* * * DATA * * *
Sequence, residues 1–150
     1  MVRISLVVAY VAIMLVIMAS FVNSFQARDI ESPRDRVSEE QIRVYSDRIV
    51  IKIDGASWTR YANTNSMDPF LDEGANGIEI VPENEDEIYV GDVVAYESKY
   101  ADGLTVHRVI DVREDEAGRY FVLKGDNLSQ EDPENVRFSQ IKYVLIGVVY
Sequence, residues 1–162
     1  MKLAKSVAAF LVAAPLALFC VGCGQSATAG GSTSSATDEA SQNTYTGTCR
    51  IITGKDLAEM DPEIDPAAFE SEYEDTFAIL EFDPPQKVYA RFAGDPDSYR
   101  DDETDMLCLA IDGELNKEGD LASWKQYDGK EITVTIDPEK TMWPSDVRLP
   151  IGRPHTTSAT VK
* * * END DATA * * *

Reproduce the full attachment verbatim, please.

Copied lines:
Sequence, residues 1–150
     1  MVRISLVVAY VAIMLVIMAS FVNSFQARDI ESPRDRVSEE QIRVYSDRIV
    51  IKIDGASWTR YANTNSMDPF LDEGANGIEI VPENEDEIYV GDVVAYESKY
   101  ADGLTVHRVI DVREDEAGRY FVLKGDNLSQ EDPENVRFSQ IKYVLIGVVY
Sequence, residues 1–162
     1  MKLAKSVAAF LVAAPLALFC VGCGQSATAG GSTSSATDEA SQNTYTGTCR
    51  IITGKDLAEM DPEIDPAAFE SEYEDTFAIL EFDPPQKVYA RFAGDPDSYR
   101  DDETDMLCLA IDGELNKEGD LASWKQYDGK EITVTIDPEK TMWPSDVRLP
   151  IGRPHTTSAT VK